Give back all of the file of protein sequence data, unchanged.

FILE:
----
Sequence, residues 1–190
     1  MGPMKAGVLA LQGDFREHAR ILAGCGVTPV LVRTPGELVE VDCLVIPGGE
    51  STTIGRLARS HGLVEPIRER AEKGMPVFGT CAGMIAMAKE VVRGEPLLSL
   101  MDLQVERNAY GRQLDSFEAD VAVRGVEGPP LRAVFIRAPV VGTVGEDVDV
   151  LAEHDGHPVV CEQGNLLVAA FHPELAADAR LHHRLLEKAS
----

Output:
Sequence, residues 1–190
     1  MGPMKAGVLA LQGDFREHAR ILAGCGVTPV LVRTPGELVE VDCLVIPGGE
    51  STTIGRLARS HGLVEPIRER AEKGMPVFGT CAGMIAMAKE VVRGEPLLSL
   101  MDLQVERNAY GRQLDSFEAD VAVRGVEGPP LRAVFIRAPV VGTVGEDVDV
   151  LAEHDGHPVV CEQGNLLVAA FHPELAADAR LHHRLLEKAS